Snowmass Mountain, 2019

  • Date: September 21, 2019
  • Partner: none
  • Height: 14,092 feet
  • Range: Elk
  • Route: East Slopes (Class 3)
  • Overall Distance: 22.00 miles
  • Elevation Gain: 5,800 feet (TH to summit)
  • 14ers climbed: 36 separate climbs
  • 14ers remaining: 17
  • Road Condition to Trailhead: This is any easy drive from either Aspen or Glenwood Springs.  It’s paved roads and then an easy 4 miles on dirt; a 2WD vehicle can easily make this.   

I don’t know what it was about this mountain that made me feel nervous before embarking on this climb.  Perhaps it was the stories I had heard about people getting lost.  Or maybe it was the distance involved and doing the climb solo.  Regardless, I set off from Denver on a beautiful fall Friday afternoon and arrived at the trailhead in the afternoon.  There were few cars in the parking lot.

I set off for a 9-mile journey due south in some of the most gorgeous country in the Elk Mountains.  All the aspen trees were fully golden in color.  It was turning chilly and a bit overcast as the trail meandered alongside Snowmass Creek for a few miles.  I momentarily got turned around at a confusing intersection of trails but was able to figure things out; be careful here.  After a couple of hours, I was treated to a stunning view of Snowmass Mountain off in the distance from an impressive overlook (see the first picture in my album below).

It was approaching evening as I made a crossing of Snowmass Creek via a huge logjam.  I turned on the afterburners because I was loosing light and still had a few miles to go.  You will gain about 2,600′ of elevation just on this approach hike, so do not underestimate it 🙂  Once again, you will come across a confusing intersection of trails just before Snowmass Lake; be careful here and head straight ahead.  Once I arrived at the lake, it was pitch black.  I found a spot to pitch my tarptent by headlamp, jumped in, got underneath my quilt shivering and tired, and could barely finish a sandwich before falling fast asleep. 

I slept straight through until about an hour before dawn.  I cached all unnecessary gear, trimmed down to my alpine kit, and set off to make my way around the lake.  Regrettably, I never found any trail.  After crashing through dwarf willow thickets and muddy bog for an hour in the dark on the south side of the lake, I finally arrived to where the real climbing began.  

There was a very steep ascent coming up from the lake, with poorly defined trail, over fine powder and loose, small scree.  My mistake was that I stayed too far to the left, when I should have stayed to the right and hiked up an obvious creek bed with more structure for footing.  It got so steep that with the poor footing, there was a point where I started to feel the first waves of panic.  My fall last year on Maroon Peak definitely has made me more conservative in my approach to mountain climbing and it also reminded me of the fact that I am human.  I had to calm myself down for a few minutes and was able to gingerly make my way laterally into the creek drainage and continue the ascent.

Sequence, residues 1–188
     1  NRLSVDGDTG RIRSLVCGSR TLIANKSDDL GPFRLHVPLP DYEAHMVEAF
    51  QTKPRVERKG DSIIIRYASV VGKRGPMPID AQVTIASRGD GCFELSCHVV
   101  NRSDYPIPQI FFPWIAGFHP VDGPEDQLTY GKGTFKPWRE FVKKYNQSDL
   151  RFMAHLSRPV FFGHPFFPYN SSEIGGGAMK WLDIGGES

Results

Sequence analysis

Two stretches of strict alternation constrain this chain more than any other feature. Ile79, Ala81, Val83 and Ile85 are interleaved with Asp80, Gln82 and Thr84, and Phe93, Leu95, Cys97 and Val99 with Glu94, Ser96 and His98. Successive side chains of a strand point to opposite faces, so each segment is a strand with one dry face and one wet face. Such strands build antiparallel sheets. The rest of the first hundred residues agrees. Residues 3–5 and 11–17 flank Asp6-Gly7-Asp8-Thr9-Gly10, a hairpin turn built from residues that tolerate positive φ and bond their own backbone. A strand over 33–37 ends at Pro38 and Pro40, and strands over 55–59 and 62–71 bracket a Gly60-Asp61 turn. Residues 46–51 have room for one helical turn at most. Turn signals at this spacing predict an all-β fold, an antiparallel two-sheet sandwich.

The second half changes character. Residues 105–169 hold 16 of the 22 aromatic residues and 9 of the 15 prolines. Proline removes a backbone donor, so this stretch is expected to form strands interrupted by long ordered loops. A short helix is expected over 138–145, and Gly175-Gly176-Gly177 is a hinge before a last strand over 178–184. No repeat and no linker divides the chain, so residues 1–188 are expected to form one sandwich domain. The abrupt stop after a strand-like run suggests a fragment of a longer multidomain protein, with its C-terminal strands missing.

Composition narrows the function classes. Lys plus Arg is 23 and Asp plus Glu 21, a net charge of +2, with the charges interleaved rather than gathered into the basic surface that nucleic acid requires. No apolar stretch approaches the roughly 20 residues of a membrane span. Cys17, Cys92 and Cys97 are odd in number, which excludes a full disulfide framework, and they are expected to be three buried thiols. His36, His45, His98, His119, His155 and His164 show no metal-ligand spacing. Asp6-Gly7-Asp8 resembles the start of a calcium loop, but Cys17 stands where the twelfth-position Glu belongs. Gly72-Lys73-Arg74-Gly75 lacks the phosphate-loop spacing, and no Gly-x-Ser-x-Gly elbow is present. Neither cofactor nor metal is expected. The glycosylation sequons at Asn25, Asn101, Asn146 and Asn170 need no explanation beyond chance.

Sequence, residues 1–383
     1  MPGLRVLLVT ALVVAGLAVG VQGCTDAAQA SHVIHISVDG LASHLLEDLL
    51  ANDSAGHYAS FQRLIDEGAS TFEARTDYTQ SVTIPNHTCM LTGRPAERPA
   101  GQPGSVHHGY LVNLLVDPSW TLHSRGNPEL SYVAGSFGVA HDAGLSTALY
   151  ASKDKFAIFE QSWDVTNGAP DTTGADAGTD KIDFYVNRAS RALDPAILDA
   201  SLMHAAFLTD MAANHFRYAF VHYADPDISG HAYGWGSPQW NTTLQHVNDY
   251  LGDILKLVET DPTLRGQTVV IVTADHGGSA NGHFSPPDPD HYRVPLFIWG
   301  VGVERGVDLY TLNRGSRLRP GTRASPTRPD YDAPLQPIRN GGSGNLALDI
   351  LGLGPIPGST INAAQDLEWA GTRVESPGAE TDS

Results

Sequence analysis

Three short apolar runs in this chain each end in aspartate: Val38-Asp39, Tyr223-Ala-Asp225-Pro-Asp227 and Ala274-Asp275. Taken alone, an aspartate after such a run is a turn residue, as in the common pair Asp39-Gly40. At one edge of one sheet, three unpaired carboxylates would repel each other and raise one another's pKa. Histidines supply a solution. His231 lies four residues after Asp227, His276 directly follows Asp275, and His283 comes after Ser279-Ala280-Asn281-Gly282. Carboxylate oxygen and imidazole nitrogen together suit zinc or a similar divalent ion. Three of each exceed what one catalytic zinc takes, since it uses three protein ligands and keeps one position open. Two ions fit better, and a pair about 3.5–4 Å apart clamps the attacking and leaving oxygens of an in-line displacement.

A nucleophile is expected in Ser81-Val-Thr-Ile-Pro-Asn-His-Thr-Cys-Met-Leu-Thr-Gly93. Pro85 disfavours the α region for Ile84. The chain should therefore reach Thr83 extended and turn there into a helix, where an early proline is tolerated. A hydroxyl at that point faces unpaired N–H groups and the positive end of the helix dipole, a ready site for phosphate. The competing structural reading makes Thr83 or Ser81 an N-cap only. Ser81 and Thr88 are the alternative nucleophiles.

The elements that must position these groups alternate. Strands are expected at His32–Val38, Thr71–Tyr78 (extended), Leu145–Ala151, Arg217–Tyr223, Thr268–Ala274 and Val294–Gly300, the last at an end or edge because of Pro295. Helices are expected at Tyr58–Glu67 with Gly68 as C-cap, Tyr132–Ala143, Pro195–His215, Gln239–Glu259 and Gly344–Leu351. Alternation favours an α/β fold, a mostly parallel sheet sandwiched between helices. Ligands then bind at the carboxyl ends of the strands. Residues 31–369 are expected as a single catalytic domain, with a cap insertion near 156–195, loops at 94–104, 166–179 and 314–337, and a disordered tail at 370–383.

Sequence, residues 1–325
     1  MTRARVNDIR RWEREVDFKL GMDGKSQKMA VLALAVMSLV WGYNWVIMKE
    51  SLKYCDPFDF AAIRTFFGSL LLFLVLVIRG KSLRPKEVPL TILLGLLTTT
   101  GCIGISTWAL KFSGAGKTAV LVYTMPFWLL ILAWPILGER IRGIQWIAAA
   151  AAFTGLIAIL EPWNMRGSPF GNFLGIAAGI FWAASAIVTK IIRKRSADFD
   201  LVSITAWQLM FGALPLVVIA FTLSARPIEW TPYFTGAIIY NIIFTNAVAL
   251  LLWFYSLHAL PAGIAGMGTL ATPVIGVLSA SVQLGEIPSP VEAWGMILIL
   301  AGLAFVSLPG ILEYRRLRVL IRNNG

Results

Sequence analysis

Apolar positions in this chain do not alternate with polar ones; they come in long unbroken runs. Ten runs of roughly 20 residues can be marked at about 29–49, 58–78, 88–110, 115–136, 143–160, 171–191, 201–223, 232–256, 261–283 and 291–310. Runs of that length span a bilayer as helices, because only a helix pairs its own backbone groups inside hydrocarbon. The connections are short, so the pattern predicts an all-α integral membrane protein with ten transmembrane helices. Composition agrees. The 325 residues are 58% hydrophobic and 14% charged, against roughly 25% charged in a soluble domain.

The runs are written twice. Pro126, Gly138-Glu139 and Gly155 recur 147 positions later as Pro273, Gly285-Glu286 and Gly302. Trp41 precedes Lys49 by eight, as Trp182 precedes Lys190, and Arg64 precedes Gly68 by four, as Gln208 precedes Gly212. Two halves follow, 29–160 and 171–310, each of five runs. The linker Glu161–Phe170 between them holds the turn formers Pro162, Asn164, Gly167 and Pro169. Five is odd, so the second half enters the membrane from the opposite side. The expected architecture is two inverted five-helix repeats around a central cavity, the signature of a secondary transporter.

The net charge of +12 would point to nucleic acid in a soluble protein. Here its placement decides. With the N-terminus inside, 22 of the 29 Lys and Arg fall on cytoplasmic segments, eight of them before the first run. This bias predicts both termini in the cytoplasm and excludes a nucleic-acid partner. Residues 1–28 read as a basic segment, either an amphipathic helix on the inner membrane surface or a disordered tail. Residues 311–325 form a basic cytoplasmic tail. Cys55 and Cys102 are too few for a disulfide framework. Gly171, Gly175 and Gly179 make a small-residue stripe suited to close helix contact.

Once at the top of the first rise, there was a vast, gently ascending, grassy plateau heading into a large boulder field with snow drifts.  I could plainly see the summit ridge and, in the absence of any trail, decided to gain it to the left (to the south).  Taking my time, it took the better part of an hour to get to base of the summit ridge.  Thank goodness I had my Kahtoola microspikes with me.  This was a recurring theme in all my trips this year as there literally was snow in the mountains all summer long.         

At the base of a rocky knob, now the climbing became Class 3.  I made my way to a notch on the spine and was greeted with a stout, cold wind.  Looking to the northwest, there was a long, moderate ascent to the summit with plenty of exposure and steep places to take a fall.  There were no other climbers around.  In fact, I had not seen anyone since yesterday afternoon.  Very carefully, testing every ledge, foothold, and handhold, I crawled along the west side of the spine of the summit ridge and took all the time in the world.  There were cairns here and there and places where you could see a trail that frustratingly vanished into a dozen braids.  It was slow going.  The summit block itself was an interesting problem and took me a few tries to find a route.  I summited just around noon and hunkered down in the boulders up top to rest for a few minutes, eating some chocolate and drinking my usual celebratory Mountain Dew for energy.

You can well-imagine how much time it took me to get back to my camp site.  I pumped a few more bottles of water, packed up the rest of my gear, put in my ear buds for some music and podcasts, and headed off at a quick pace down the trail.  It was nice and sunny and pleasantly warm.  I arrived at my car early evening and prepared myself for the long drive back to Denver.

To be honest, I am really glad this climb is behind me.  It is a long, serious commitment best done over two full days if you are in shape.  I am going to give this a solid 7-to-8 on my Colorado 14er scale of difficulty.  If you are going try this, especially as a solo endeavor, then you need to take it seriously.  The good news is that it is exquisitely beautiful and you will be able to say you truly accomplished something.